Yuichiro Hyakuya News

Yuichiro Hyakuya is a anime/manga character
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As has been repeatedly mentioned before, originality and complexity isn’t necessary in the production of great manga and anime. One need only spare a moment to consider Gurren laggan, an anime that was as basic and uncomplicated as they come, but which managed to entertain immensely. So much so that most people would consider the series to be one of the greatest anime ever made.

Entertainment; that is all an anime and manga series needs to do to accomplish its goal, entertain. 
Which is what Owari no Seraph purposes to do and partially achieves.

THE PLOT:
One day, a mysterious virus appeared on Earth which killed every infected human over the age of 13. At the same time, vampires emerged from the world's dark recesses and enslaved mankind.

Enter Hyakuya Yuuichirou, a young boy, who along with the rest of the children from his orphanage, are treated as livestock by the vampires.

Even in captivity, Yuuichirou dreams big. He dreams of killing vampires. He dreams of killing them all.
MY REVIEW:

It feels like an age since I last encountered a vampire story, both in anime and manga; and by vampire stories, I am talking about real vampires, that slink away from the sun and drink blood, not the red eyed fantastical/superhuman creatures present in many manga.

That isn’t to say that the typical vampire is scarce or anything in manga; in fact vampires are pretty common in manga, the problem being that the majority of them are shoujo. And even when dealing with shonen, most vampire manga have a tendency to promote the romance and shoujo elements over any action oriented plots or scares.

Considering the relative youth of Owari no Seraph, it is difficult to determine the exact nature of the vampire story it intends to tell, at least at the moment.

+What Worked?
Owari is shonen at its core; and it manages to entertain even with a paper thin plot. The action elements are abundant and the characters interesting enough for their interactions and plots to prove entertaining.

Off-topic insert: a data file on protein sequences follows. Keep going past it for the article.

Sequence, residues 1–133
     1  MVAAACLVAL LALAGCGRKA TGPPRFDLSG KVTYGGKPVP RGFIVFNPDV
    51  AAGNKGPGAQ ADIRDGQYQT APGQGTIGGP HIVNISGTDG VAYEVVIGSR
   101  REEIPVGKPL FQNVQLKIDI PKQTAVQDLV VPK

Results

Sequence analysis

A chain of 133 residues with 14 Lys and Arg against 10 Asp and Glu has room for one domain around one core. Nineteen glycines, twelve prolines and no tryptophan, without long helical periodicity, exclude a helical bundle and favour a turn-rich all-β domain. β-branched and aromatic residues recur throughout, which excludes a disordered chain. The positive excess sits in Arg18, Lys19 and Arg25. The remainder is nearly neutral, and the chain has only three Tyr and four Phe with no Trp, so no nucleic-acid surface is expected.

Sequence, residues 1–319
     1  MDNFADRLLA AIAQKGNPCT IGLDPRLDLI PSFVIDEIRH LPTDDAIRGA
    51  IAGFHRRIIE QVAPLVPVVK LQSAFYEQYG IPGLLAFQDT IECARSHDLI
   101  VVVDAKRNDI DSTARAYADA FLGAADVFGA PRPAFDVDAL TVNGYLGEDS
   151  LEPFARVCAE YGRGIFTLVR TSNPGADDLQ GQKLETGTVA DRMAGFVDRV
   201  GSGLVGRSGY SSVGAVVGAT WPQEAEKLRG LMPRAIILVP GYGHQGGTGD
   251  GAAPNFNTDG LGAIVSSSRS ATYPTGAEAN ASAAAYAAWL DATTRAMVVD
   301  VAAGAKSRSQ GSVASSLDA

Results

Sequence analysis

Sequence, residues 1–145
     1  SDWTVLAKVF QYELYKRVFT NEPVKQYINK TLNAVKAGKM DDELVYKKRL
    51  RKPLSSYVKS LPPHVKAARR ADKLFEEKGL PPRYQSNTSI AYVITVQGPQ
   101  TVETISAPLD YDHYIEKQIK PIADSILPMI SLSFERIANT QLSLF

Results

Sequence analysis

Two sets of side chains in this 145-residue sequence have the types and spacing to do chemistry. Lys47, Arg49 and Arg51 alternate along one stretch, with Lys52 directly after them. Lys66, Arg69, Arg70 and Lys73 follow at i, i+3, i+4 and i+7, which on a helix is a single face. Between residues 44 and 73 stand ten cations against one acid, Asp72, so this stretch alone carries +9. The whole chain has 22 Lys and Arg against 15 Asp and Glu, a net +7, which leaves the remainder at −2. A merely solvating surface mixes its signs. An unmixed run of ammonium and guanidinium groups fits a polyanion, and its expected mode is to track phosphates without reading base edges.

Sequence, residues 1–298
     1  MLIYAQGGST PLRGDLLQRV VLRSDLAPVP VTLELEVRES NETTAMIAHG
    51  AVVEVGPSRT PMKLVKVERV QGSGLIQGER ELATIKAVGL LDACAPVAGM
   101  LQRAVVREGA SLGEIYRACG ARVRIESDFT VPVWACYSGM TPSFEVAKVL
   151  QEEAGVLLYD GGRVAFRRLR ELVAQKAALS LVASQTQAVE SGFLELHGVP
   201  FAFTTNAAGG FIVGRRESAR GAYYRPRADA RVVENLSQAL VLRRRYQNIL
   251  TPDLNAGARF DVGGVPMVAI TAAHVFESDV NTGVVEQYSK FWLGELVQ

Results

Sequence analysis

Hyakuya and group aren’t going to win any ‘character of the year’ awards anytime soon, but the story structure none the less provides enough meat to compel you to care about their growth and future development, though not so much about where they came from.

And the villains? Decently vile. Nefarious and violent, uncompromising and unmerciful against their human prey, basically pretty easy to hate while maintaining that famous pretty boy vampire beauty and glow.

If Bleach is your cup of tea, with its unique weaponry and powerups, then Owari no Seraph will more than quench your thirst, with the demon weapons of the characters providing a wide range of abilities complimenting the fast paced and fairly interesting battles.

The core of the manga lies with its underlying mystery, specifically the origins of the current apocalyptic events, this including the virus that pushed the global population to near extinction and the origins of the supernatural creatures that call themselves vampires, as well as their demonic kin.

Only subtly touched upon are the family dynamics that drive Japan’s counter attack against their demonic enemies and the mysterious, and somewhat sinister intentions, of one of its greatest heroes, Ichinose Guren.

+WHAT (SORT OF) DIDN’T WORK?
I have said it before and I will say it again; you do not need an original concept to create a thrilling and entertaining manga; numerous manga today can get away with re-using clichéd concepts and plots, their successes coming from the author’s ability to weave a fresh story within the cliché, plots that almost present with a new nature despite making use of common tropes.

Unfortunately for Owari no Seraph, it completely fails in this regard; well, not completely. The initial plot, the deadly virus and the emergence of the vampire horde, could be described as being relatively unique.

That being said Owari no Seraph fails in the actual execution of its story. It is one thing to take inspiration from pre-existing manga. The Majority of Owari no Seraph’s story execution pretty much mirrors the thousands of anime and manga that came before, many of the chapters imitating story elements almost panel for panel and page for page.